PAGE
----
Even then, promoting individual destinations within countries can help overcome this. Egypt has in the past done isolated marketing with Sharm el-Sheikh. The idea is that many tourists, who are not so strong with geography, may almost not see it as part of Egypt.
This has happened since the revolution of 2011, with big cities, including Cairo, being seen as more at risk of attacks. But this ignores the fact that, in 2005, bomb attacks on Sharm el-Sheikh, which is on the Red Sea, killed 88 people.
Again, governments have a financial incentive to protect the tourism industry and therefore will often enforce increased security and a regular military presence at popular tourist destinations like has been done in the Ivory Coast with President Alhassan Outtara vowing that “..our march towards economic emergence is irreversible. The progress we’ve made in the past four years must be further reinforced.”
Colombia’s boom in tourism in recent decades has coincided with increased security and a regular army presence on major highways and tourist hubs, such as Cartagena, even though the country’s war with leftist guerrillas continues.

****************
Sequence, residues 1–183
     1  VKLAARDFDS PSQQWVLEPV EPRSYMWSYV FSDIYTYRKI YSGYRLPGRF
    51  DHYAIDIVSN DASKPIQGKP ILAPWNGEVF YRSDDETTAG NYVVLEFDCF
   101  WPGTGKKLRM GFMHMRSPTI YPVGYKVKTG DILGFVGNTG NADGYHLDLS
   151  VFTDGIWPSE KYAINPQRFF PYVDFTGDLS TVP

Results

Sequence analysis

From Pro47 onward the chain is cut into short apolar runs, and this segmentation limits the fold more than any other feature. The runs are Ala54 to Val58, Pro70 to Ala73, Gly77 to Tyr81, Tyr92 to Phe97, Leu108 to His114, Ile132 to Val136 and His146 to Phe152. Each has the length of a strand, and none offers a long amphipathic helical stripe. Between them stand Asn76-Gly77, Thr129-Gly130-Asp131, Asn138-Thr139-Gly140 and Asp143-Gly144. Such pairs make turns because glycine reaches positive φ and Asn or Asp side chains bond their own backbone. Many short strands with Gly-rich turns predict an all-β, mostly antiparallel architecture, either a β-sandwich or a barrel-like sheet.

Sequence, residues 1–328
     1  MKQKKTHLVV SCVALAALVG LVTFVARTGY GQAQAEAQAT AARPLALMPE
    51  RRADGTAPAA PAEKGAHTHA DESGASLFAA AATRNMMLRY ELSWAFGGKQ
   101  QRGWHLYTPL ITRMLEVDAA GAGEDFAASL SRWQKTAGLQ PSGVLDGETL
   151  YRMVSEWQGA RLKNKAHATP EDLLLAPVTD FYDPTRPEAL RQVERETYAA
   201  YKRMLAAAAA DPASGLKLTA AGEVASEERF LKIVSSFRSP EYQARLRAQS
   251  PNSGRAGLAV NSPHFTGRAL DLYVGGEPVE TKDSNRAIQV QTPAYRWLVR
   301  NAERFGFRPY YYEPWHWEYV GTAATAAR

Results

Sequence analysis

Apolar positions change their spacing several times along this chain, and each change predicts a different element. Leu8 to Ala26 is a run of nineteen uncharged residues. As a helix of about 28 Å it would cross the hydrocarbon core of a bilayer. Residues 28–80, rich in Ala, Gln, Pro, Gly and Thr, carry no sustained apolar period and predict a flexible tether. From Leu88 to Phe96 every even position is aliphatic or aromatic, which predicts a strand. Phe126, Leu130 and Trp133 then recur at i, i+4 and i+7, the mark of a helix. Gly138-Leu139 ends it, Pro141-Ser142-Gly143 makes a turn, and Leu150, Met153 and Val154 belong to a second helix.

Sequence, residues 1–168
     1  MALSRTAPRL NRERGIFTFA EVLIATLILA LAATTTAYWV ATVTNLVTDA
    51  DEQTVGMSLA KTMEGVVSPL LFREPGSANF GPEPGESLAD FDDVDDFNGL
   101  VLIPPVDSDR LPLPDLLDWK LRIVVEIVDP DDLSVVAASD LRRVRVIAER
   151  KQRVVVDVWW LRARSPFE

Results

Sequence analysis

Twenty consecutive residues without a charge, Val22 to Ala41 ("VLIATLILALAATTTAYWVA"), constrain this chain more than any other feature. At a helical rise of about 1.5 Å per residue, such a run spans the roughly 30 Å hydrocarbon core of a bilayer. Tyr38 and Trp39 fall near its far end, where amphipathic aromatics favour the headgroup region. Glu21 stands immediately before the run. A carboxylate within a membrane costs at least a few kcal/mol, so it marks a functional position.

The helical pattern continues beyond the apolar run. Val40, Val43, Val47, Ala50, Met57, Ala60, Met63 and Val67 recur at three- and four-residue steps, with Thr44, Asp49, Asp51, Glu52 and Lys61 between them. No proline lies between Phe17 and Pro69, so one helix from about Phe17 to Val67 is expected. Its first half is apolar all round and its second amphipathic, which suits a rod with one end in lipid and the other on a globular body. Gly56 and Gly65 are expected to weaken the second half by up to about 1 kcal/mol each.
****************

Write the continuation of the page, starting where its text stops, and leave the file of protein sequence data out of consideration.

Similarly Mexico’s tourist zones have been largely unaffected by the violence that has rendered other parts of the country ungovernable.
Apart from government support in the area of security, another way popular tourist destinations seeking revival maintain demand is by cutting prices. Simon Calder, travel editor of The Independent stated that “A very good way of getting people to go to destinations which have suffered at the hands of terrorists is to cut prices… We can make a cost-risk analysis. As long as we know the risks, that’s a reasonable thing to do.”